Saturday, May 8, 2010

Motherhood and Mystery

One day when I was on vacation and I was at Mass. In front of me was a mother and child. The mother placed the child in front of her at arms length. They gazed at each other for some time. The child gazed at his mother was a steady silent gaze. Then its face broke into a wondrous smile, from its lips joy is screeched and its little hands began to clap happily. The child rejoiced that it was loved and the face of the young mother shone with a beauty that no artist could capture. From then on, whenever I hear a screech at Mass, that is my vision. I am jealous.

That is what I see when mother and child are caught up in “the gaze”. Often, when I am on vacation, I get caught up so often observing the interplay between mother and child just as I do when I celebrate Mass. There is something going on with that interplay. Whatever I have to say is being ignored. There is something more satisfying, more full-filling being offered in that interplay for the mother and child than what I have to offer. Of that I am certain.

I came across the following quotation, in which I have found food for thought over many years;

“Mothers beauty infinitely surpasses the glory of nature. It is an unimaginable beauty, the only one that you can imagine this woman attending to stirrings of her infants. Christ never speaks of beauty. It is the only company He keeps, but under it’s true name: Love. Beauty comes from love, as daylight comes from the sun. As the sun comes from God, as God comes from a woman exhausted from childbirth. Fathers go to war, to the office, sign contracts. Fathers are in charge of society. That is their business, their great affair. A father is someone who represents something other than himself in his relationship to his child, and who believes in what he represents: law, reason, experience. Society. A mother does not represent anything in relationship to her child. She does not stand in relationship to it, but is around it, inside, outside, everywhere. She raises the child up at arms length and presents it to eternal life. Mothers are in charge of God. That is their passion, their sole occupation, their loss and their empowerment at the same time. To be a father is to play the role of father. To be a mother is an absolute mystery, a mystery without reference point, a absolute that is not relative to anything, an impossible task that is nevertheless fulfilled, even by bad mothers. Even bad mothers stand in their nearness to be absolute, they have an intimacy with God that fathers will never know…….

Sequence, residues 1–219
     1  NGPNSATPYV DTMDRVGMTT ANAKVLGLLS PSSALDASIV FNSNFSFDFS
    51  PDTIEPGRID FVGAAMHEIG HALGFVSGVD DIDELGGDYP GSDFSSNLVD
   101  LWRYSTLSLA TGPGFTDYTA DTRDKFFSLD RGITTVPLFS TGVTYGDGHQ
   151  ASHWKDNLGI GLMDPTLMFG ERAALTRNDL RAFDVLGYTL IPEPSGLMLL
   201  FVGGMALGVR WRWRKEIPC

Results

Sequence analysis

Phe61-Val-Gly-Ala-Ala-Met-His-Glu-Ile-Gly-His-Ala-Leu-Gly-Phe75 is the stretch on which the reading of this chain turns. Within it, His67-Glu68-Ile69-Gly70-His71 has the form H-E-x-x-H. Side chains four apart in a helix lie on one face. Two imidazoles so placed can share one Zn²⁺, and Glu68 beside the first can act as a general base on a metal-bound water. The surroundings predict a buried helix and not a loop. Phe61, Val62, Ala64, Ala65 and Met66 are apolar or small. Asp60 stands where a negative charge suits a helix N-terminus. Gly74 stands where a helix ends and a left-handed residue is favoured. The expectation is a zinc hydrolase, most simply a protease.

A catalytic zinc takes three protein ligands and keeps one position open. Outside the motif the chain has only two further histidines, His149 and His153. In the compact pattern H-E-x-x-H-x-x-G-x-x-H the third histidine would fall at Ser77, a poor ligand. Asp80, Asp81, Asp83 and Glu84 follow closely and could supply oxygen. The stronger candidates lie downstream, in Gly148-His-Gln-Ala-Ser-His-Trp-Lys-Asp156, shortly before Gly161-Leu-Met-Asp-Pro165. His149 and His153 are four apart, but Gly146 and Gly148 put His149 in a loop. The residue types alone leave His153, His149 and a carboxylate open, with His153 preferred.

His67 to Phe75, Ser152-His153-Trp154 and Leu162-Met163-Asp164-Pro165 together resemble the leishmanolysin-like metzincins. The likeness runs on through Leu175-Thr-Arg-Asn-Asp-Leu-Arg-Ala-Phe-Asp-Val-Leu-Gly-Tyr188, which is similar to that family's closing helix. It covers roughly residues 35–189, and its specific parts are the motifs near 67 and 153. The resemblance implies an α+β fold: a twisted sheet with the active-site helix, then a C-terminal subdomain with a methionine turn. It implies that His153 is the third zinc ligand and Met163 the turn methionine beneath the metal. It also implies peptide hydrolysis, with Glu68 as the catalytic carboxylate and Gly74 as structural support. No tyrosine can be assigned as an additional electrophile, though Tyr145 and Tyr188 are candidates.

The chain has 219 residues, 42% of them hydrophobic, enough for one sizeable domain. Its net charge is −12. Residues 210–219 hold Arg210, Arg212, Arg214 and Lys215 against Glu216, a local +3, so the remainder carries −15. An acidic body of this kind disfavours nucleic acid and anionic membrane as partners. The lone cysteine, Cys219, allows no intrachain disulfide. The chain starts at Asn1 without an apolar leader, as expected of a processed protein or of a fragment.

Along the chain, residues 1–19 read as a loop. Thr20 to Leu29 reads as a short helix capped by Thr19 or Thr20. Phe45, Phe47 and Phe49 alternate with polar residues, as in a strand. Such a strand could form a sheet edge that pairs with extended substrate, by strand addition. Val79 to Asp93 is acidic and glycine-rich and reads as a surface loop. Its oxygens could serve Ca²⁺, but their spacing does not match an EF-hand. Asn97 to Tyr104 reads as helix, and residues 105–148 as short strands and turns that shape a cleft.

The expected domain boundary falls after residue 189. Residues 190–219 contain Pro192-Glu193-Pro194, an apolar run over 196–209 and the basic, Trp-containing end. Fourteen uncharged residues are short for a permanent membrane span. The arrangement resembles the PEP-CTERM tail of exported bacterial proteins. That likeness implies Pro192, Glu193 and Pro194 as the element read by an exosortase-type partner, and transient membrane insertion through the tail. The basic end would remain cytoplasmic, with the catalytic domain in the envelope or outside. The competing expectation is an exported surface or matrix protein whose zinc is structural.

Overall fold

Mothers have no rank, no pull. They are born at the same time as their children. Mothers grow up in life at the same time as their child and as the child is equal of God, from the time of its birth, from the beginning mothers are inside the holy of holies, fulfilled by everything, ignorant of everything that fulfills them. And if all true beauty comes from love, where does love come from? From what matter does it matter derived, from what nature its super-naturalness, beauty comes from love. Loves comes from attention. Simple attention to the simple: humble attention to the humble things: living attention to all lives, and surely to that of the little cup in its cradle, incapable of feeding itself, incapable of everything but tears. The first knowledge of the newborn, the single possession of the prince of the crib, is his gift of complaint, his claim on the love far away, his screams in the direction of a life too distant-and it is mother that gets up and responds, it is God who wakes up and arises, responding every time, every time attentive above and beyond weariness. The weariness of the first days of the world, a weariness of the first years of childhood. Apart from that, there is nothing. There is no greater holiness then that of mothers exhausted by diapers to be washed, formula to be heated and baths to be given. Men hold the world. Mothers hold the eternal element that holds the world and men.” [Bobbin, The Secret of St. Francis Assisi]

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